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Any astrophysicist a level

Any astrophysicist students that can help please message me or in chat thanks
I took Phys/Math/Bio. You don't need FMaths or anything fancy like that unless you hope to go to Oxbridge or anything fancy like that (I reckon) and the guy in my class at the time who did didn't have FMaths.

FYI I picked Edinburgh- £7,250 bursary is hard to beat :biggrin:
Original post by Callicious
I took Phys/Math/Bio. You don't need FMaths or anything fancy like that unless you hope to go to Oxbridge or anything fancy like that (I reckon) and the guy in my class at the time who did didn't have FMaths.

FYI I picked Edinburgh- £7,250 bursary is hard to beat :biggrin:

It's so important that you said "anything fancy like that" twice in one sentence
(edited 2 years ago)
A-level Further Maths would be the most useful A-level outside of the required A-level Maths and Physics, for when you are actually on the degree, although as above it's not strictly required at the vast majority of universities.

Chemistry has a small number of topics that may be relevant in a physics degree I've been told by a physicist friend of mine. Also for astrophysics specifically it may have some more relevance in terms of cosmochemistry or planetary science topics. Again though, not required.
Original post by hungrysalamander
It's so important that you said "anything fancy like that twice" in one sentence

Anything fancy like that ain't worth mentioning twice after all- I am but a simple man, not got time for anything fancy like that.
Original post by artful_lounger
A-level Further Maths would be the most useful A-level outside of the required A-level Maths and Physics, for when you are actually on the degree, although as above it's not strictly required at the vast majority of universities.

Chemistry has a small number of topics that may be relevant in a physics degree I've been told by a physicist friend of mine. Also for astrophysics specifically it may have some more relevance in terms of cosmochemistry or planetary science topics. Again though, not required.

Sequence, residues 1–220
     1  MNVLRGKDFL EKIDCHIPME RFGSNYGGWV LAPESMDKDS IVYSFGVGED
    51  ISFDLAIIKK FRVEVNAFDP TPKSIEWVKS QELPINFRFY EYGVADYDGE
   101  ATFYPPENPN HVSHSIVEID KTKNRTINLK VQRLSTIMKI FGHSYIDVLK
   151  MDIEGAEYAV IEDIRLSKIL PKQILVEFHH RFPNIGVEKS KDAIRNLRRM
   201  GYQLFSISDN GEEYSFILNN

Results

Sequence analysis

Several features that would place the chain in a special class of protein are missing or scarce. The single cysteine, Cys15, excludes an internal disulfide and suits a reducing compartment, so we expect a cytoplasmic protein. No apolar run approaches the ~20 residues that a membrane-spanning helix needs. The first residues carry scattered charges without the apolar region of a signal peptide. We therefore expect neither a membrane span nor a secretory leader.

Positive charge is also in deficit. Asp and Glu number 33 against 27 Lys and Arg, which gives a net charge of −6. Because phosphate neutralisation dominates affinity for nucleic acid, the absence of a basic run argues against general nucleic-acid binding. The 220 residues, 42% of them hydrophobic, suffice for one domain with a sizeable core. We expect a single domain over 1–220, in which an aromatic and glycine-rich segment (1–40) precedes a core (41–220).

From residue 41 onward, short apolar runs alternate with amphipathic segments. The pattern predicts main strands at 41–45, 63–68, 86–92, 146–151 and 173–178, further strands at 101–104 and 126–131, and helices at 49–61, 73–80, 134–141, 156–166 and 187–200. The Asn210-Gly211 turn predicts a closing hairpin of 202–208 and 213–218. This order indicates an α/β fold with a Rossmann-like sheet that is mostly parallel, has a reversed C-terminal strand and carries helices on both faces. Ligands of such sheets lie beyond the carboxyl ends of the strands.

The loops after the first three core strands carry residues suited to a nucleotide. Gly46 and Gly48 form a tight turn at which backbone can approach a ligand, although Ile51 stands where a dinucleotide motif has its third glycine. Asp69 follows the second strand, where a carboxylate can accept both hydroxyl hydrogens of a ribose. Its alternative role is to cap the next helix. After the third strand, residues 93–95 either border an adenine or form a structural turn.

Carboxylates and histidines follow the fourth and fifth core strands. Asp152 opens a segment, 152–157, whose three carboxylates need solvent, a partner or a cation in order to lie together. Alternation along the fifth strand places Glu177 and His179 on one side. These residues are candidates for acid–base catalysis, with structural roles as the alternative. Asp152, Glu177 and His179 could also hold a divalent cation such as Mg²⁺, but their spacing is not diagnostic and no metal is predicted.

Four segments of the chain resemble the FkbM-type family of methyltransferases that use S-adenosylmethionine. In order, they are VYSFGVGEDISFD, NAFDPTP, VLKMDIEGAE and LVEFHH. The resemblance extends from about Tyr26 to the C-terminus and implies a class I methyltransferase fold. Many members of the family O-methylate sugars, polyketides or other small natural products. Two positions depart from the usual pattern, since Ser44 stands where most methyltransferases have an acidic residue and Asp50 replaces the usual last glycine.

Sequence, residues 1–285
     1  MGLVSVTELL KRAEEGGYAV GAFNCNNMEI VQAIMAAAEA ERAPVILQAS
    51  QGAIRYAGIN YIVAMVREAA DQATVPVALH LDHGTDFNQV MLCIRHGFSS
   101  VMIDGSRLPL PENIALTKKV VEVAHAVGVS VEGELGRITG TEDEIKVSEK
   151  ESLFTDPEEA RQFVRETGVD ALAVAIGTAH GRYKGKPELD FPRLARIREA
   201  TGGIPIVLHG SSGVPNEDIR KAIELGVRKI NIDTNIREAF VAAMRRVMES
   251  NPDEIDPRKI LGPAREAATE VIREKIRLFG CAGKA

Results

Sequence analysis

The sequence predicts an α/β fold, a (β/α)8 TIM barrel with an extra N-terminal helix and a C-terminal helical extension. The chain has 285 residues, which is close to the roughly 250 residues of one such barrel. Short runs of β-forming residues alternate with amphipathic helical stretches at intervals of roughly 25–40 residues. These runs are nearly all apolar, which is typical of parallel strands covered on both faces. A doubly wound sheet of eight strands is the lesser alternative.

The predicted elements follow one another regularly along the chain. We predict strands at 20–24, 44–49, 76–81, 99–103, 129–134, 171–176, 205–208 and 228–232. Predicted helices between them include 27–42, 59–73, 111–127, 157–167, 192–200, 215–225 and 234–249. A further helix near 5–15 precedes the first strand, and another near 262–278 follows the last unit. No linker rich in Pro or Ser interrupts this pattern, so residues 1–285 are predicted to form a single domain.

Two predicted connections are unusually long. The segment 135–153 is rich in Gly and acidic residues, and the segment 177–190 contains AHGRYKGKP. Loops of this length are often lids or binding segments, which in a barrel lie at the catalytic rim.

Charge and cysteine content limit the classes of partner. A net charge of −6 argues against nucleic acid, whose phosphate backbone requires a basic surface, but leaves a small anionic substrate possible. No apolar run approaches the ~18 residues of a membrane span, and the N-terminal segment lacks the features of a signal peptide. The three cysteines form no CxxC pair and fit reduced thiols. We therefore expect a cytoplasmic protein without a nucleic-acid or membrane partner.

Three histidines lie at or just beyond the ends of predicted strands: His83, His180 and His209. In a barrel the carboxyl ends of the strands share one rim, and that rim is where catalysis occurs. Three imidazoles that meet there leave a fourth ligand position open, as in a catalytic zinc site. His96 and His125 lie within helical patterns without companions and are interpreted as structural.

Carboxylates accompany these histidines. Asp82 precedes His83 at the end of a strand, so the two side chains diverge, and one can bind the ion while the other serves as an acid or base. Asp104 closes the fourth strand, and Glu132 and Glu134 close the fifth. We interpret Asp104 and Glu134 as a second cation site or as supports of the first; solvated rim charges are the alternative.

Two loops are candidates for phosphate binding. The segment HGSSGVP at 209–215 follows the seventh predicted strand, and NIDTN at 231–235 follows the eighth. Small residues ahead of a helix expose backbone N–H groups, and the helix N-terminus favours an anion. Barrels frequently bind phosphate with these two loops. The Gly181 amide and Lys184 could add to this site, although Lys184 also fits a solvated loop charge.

+1 to that. We had an astrobiology course in 1st year (optional mind you) and knowing some chemistry would have came in handy, though I was able to make up the ground since it was just A-Level chem and mostly about reactions and the energy/charge generation rules- nothing fancy.
Further to the above comments...
I studied Physics with Astrophysics, though quite a long time ago. :wink: (To put it in context, we still believed the (flat) Earth was the centre of the universe back then, and that the Moon was propelled by angels on it's path around the earth.)

Seriously though....
I don't know what physics you will have covered at A-Level as syllabuses change and vary, but some things which will be useful are:
* Geometrical Optics (lenses and lens combinations - if you do any observational astronomy/theory)
* Physical Optics (interference fringes etc if you study radio astronomy)
* make sure you are clear on gravitation and orbital mechanics, including circular/elliptical motion, Kepler's laws etc.

I'm sure what most will cover at A-Level physics will be sufficient, but these were some of the things I remember popping up.
Astrophysics can encompass a lot of different things - I went on to study radio astronomy and found myself fiddling around with electronics/amplifiers and data processing software creation.
You will enjoy the journey. :smile:
(edited 2 years ago)

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